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By John Butcher
Online companies doing business in China would be required to follow the country’s new cybersecurity law restrictions on storing and transferring personal data under the latest draft of e-commerce legislation.
China’s proposed e-commerce law would set online transaction standards and intellectual property protection requirements. The second draft of the bill dropped provisions that appeared in the first draft that defined personal information of e-commerce users, and established requirements for collecting and using that data.
The second draft instead states that e-commerce operators must comply with the country’s cybersecurity law, which took effect June 1. That means Amazon.com Inc. and other e-commerce companies would have to abide by the law’s requirements to store personal data on servers inside China, restrict exporting data overseas, and set personal information security standards.
“It is not that the cyber law has expanded. It’s rather now it has been made clear in the e-commerce law that the rules of the cyber law could apply,” James Gong, a cybersecurity, data protection, and privacy senior associate at Herbert Smith Freehills LLP, in Beijing, told Bloomberg Law.
The cybersecurity law is aimed at critical infrastructure protection. Draft guidance defining critical infrastructure has already swept in companies engaged in the energy, finance, transportation, water conservation, health-care, education, social insurance, environmental protection, telecommunications, media, cloud computing, big data, information network services, science and technology for national defense, large equipment manufacturing, chemical, food, and drug sectors.
“If a U.S. company is operating an e-commerce platform in China, then they are bound to collect a large amount of personal information about the users of the platform,” Gong said.
Because the cybersecurity law considers any company selling goods or services to Chinese consumers as being a covered domestic operation, companies beyond China may be liable for security screening of any data collected from users in China.
“If they are going to export this outside China to a U.S. headquarters, then it will have to be assessed for security. That will be a self-assessment and then if it reaches a certain threshold, it will have to be sent to the regulator for assessment,” Gong said.
The requirement that personal data be stored within China presents challenges for foreign e-commerce companies that process transaction and other data abroad, and for companies that use cloud services to store data.
“This can be costly and does not lead to an increase in security of data. In fact, we continue to push the Chinese government for more clarity on the Cybersecurity law especially on its data localization requirements,” Kenneth Jarrett, president of the American Chamber of Commerce in Shanghai, told Bloomberg Law.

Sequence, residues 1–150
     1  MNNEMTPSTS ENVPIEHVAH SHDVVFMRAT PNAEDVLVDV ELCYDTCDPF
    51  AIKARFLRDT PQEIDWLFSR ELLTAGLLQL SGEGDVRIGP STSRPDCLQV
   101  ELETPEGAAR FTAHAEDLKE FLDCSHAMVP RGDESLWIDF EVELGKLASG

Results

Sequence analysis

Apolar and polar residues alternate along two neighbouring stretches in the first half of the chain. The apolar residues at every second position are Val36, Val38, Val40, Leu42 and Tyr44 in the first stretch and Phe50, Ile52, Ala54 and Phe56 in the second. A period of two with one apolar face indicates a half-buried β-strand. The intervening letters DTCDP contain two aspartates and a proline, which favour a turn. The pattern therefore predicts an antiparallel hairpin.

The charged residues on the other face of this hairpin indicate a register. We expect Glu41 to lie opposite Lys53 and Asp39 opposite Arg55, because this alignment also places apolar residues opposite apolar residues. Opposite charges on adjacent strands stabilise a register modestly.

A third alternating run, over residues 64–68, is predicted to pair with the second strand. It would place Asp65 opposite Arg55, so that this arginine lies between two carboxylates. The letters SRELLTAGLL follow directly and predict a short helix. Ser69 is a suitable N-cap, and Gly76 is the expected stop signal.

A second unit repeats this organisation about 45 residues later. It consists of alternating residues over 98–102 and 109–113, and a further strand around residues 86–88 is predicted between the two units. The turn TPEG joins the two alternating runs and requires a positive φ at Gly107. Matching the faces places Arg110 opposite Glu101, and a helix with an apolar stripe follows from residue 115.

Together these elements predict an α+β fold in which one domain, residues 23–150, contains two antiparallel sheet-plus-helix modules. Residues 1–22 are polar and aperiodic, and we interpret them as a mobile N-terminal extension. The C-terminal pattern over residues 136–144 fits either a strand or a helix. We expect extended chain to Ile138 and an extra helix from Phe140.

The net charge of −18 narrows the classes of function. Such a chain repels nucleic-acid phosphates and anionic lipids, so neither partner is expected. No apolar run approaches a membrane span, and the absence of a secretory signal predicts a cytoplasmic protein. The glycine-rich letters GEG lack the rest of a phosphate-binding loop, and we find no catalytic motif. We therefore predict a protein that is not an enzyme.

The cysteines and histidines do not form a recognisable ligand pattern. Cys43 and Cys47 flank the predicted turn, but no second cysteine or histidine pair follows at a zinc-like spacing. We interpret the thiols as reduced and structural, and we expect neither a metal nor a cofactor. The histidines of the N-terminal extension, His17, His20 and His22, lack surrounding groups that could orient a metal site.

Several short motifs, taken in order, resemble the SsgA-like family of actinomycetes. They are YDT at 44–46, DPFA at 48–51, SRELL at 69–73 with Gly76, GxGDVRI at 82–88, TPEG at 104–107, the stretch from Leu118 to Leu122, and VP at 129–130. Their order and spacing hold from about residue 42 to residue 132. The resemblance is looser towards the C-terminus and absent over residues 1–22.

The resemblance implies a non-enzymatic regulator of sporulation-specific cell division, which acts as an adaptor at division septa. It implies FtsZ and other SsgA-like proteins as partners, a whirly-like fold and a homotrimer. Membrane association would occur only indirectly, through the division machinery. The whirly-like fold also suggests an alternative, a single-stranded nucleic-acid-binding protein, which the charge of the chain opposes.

The second draft of the e-commerce bill, released Nov. 7, won’t likely be the final version, as the government opened it to public comments through Nov. 26. Concerns over the latest draft bill won’t be allayed soon, as a third draft is likely, according to Martyn Huckerby, an international corporate practice partner in the Shanghai office of King & Wood Mallesons.
The general rule in China is that “a legislative bill shall be put to vote after deliberations at three meetings of the Standing Committee,” he told Bloomberg BNA. “New elements may be introduced in the third version.”
The e-commerce bill would classify e-commerce operators into three categories: those doing business on their own websites, e-commerce platform operators, and stores on e-commerce platforms.
It would require that e-commerce platform operators protect intellectual property rights by blocking businesses engaged in the sale and distribution of goods or services as soon as they become aware of a violation. A platform operator could be held jointly liable, under the bill, with a seller for IP rights offenses it should have known about.
The e-commerce bill would also more strictly control e-commerce, through provisions to hold companies liable for false advertisements, fabricated transaction information or user comments, or failure to deliver purchased goods and services.
The focus on IP rights is the main benefit to U.S. companies of the proposed e-commerce law, the U.S.-China Business Council (USCBC) said in an analysis report provided to Bloomberg Law.
“In the previous draft of the law, suspected IP violators could simply issue declarations of non-infringement and platform operators would be required to promptly terminate any measures taken against the alleged IP violators. The second draft improves this process by requiring accused IP violators to submit evidence with non-infringement declarations before platforms lift punitive measures,” according to the USCBC analysis report.
The second draft of the e-commerce bill is available, in Chinese, at http://src.bna.com/ueU.
Copyright © 2017 The Bureau of National Affairs, Inc. All Rights Reserved.
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